For many students, especially those who are returning to school after being in the workplace for some time, the thought of taking a full four years to complete a degree is daunting. Many non-traditional students, and even some following a traditional educational path, are willing to sacrifice some of the four-year “college experience” in order to finish school more quickly. This does not mean that they want to sacrifice quality, however; most students in these situations are looking for a program that compacts the requirements of a traditional program but does not provide a substandard education.
Although traditional RN or registered nursing degrees take four years or more to complete, there are also programs that can take as little as two years and still confer an RN degree. There are some differences between the traditional and accelerated programs, however, and students should be aware of these differences when making a choice between these types of education plans.
Traditional RN programs lead to a Bachelor of Science in Nursing Degree. Like most bachelor’s degree programs, four-year RN programs combine both theoretical and practical knowledge. Students take courses in nursing theory, but also work in hands-on clinical situations to gain skill in their field. This combination of knowledge and skill makes a four-year RN very valuable to a hospital or other healthcare facility.
An accelerated RN program is usually one of two types. Some schools offer a two-year RN degree, also known as a Registered Practical Nursing degree, or RPN. A two-year program focuses far more on clinical work and compacts the theoretical courses so that students cover these subjects very quickly. Naturally, with compaction of these standards or objectives comes a loss of opportunity to study and understand theoretical propositions, so RPN degrees are known more for their practical aspects than for “book knowledge” about nursing.
A few hospitals also offer in-house nursing diplomas which take an average of three years to complete. This type of program has become much less common in recent years, although it was the preferred method of seeking a nursing degree in the past. In former years, most nursing students actually lived in dormitories at the hospital while they sought their nursing degrees; now, hospitals have, for the most part, turned the responsibility for training nurses over to colleges and schools. In-house hospital nursing programs are often non-transferable to other schools, so if you choose this type of a program it likely means you will have to work in that hospital or one of its affiliates, or take additional classes at a local college.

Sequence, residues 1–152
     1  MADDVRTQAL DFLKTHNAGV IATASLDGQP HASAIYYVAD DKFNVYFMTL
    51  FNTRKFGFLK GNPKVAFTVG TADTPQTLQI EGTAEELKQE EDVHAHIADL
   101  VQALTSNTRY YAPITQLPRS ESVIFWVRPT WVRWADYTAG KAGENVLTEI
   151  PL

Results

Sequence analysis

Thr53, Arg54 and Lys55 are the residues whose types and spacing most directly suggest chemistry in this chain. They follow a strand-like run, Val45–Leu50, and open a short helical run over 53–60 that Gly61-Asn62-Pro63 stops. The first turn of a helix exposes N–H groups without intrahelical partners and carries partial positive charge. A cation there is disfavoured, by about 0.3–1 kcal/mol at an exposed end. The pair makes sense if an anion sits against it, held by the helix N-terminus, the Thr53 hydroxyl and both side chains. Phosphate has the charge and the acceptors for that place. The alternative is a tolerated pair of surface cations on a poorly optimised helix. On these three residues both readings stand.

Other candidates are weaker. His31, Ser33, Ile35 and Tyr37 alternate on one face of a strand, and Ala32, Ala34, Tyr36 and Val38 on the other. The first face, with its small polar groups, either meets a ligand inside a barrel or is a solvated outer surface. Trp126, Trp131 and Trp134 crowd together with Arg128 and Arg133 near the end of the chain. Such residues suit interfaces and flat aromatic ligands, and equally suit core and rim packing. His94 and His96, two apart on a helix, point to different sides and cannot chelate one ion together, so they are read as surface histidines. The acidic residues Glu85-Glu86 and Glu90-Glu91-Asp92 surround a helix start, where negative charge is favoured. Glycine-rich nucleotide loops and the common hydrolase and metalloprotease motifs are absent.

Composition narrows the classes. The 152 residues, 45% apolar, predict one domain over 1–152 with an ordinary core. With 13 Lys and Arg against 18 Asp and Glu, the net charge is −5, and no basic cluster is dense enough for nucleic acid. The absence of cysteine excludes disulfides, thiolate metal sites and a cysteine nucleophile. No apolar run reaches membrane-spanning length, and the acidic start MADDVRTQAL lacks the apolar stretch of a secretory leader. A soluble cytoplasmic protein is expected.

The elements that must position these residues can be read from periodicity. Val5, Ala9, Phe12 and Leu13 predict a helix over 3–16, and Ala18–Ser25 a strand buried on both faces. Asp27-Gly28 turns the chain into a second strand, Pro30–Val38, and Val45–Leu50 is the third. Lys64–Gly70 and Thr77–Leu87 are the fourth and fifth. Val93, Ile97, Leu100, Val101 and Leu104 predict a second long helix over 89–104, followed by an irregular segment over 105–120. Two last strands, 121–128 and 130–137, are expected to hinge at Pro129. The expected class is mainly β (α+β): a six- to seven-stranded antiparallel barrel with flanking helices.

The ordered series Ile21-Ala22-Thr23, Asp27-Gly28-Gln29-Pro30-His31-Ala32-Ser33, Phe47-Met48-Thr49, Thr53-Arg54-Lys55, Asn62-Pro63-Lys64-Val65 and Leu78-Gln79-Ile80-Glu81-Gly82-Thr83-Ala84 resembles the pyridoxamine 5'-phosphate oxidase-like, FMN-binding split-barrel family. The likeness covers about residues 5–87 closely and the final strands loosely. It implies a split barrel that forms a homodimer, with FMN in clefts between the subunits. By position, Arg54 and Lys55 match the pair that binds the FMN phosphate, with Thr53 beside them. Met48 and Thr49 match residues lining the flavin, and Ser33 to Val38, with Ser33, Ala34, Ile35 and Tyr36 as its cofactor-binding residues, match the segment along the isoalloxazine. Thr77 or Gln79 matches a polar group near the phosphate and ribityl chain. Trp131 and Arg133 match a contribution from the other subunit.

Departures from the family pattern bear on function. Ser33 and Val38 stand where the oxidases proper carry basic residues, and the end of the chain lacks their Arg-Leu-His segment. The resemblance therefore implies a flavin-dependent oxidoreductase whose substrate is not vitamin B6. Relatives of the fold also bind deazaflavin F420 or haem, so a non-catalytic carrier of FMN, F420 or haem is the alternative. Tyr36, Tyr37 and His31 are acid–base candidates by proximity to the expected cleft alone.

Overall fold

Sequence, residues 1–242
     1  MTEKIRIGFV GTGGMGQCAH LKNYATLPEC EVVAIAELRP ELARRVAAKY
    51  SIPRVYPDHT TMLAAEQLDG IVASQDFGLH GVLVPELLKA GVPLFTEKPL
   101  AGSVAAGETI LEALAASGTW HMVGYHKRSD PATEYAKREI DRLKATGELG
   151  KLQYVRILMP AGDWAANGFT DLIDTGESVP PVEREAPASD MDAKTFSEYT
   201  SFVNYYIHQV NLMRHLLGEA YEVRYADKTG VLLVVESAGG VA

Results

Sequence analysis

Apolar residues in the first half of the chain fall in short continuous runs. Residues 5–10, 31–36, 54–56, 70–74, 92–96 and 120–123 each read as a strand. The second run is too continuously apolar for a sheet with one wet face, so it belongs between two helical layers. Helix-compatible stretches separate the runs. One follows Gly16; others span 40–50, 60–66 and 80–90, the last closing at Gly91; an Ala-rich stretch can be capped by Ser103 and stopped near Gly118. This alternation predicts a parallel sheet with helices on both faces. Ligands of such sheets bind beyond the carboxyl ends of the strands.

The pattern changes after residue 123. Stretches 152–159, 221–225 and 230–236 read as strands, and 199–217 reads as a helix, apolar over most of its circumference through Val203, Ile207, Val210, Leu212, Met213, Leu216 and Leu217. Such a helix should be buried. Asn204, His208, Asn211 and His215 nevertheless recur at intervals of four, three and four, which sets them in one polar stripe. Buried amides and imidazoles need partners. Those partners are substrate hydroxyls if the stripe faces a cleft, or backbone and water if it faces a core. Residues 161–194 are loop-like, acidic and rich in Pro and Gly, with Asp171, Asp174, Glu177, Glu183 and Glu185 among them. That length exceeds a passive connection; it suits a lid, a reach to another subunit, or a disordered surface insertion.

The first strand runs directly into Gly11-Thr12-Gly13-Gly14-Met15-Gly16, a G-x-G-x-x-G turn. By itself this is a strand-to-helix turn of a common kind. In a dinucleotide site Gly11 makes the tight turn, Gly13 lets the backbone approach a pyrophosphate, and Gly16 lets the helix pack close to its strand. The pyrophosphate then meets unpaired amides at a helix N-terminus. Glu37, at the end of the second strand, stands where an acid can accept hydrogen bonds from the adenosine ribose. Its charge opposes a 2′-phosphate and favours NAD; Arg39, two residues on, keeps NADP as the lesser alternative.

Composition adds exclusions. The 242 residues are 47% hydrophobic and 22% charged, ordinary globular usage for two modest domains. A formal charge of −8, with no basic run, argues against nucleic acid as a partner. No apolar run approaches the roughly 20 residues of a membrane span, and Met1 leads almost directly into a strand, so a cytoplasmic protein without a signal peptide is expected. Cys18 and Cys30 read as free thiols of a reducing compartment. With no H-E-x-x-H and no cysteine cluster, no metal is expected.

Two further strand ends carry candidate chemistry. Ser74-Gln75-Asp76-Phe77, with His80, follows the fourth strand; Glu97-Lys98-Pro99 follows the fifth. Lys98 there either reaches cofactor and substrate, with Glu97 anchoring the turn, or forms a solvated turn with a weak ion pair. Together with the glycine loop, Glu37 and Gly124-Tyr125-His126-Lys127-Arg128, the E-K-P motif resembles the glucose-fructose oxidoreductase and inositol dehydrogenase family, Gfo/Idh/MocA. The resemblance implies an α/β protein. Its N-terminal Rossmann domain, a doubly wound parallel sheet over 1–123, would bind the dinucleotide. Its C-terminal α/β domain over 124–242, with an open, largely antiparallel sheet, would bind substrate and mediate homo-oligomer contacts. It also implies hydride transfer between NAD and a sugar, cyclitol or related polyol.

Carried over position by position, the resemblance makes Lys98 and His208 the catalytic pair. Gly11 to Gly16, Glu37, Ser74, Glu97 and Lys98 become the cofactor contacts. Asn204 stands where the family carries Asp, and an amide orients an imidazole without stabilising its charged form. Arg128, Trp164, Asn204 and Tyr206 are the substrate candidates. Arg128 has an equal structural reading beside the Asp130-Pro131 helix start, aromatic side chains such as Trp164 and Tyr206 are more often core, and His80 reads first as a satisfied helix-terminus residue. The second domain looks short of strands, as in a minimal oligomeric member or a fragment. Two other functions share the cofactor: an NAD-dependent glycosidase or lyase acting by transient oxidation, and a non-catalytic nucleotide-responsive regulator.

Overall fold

While RPNs take more difficult coursework than LPNs or licensed practical nurses, they do not have the theoretical background and coursework of a four-year RN. Consequently, nurses with a two-year RN may not be hired as readily for high-level nursing positions such as supervisors of departments or shift managers. Some hospitals or doctors’ offices also prefer to hire RNs with four-year degrees when they can find them, so having a four-year RN degree may give you some advantage in the job market.
Theoretically, there is little difference in the two degrees beyond the fact that they serve different purposes. A four-year RN prepares nursing students for a career in a supervisory or management capacity, while a two-year RN prepares students for more practical jobs. It is important for students to know their career goals prior to choosing a program so that they can choose the one that best suits their needs.
There may be other considerations in choosing a two-year or four-year RN program. Some students simply cannot afford the time or cost to pursue a four-year degree and choose a two-year degree so that they can begin work quickly. When a student chooses this path, it is common for him or her to work for a few years then pursue more education if the original goal was a four-year RN.
However, it is important to remember that credits may not transfer from one program to another, especially when you seek a terminal degree such as an RPN. Before you sign up for any type of nursing program, you should understand how the credits you earn for that program relate to the credits you might earn from another program and if those credits will transfer from one program to another. If the credits you earn are not transferable, you must either retake coursework for a new degree or find a program whose credits will transfer.
Source: U.S. Bureau of Labor Statistics (http://www.bls.gov/ooh/healthcare/registered-nurses.htm#tab-4)